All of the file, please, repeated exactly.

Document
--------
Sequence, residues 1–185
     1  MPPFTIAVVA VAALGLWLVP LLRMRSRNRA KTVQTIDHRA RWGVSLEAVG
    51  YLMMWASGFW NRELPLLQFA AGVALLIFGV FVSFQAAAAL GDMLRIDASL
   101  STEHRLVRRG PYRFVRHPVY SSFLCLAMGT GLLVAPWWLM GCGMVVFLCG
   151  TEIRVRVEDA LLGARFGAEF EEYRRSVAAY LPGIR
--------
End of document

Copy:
Sequence, residues 1–185
     1  MPPFTIAVVA VAALGLWLVP LLRMRSRNRA KTVQTIDHRA RWGVSLEAVG
    51  YLMMWASGFW NRELPLLQFA AGVALLIFGV FVSFQAAAAL GDMLRIDASL
   101  STEHRLVRRG PYRFVRHPVY SSFLCLAMGT GLLVAPWWLM GCGMVVFLCG
   151  TEIRVRVEDA LLGARFGAEF EEYRRSVAAY LPGIR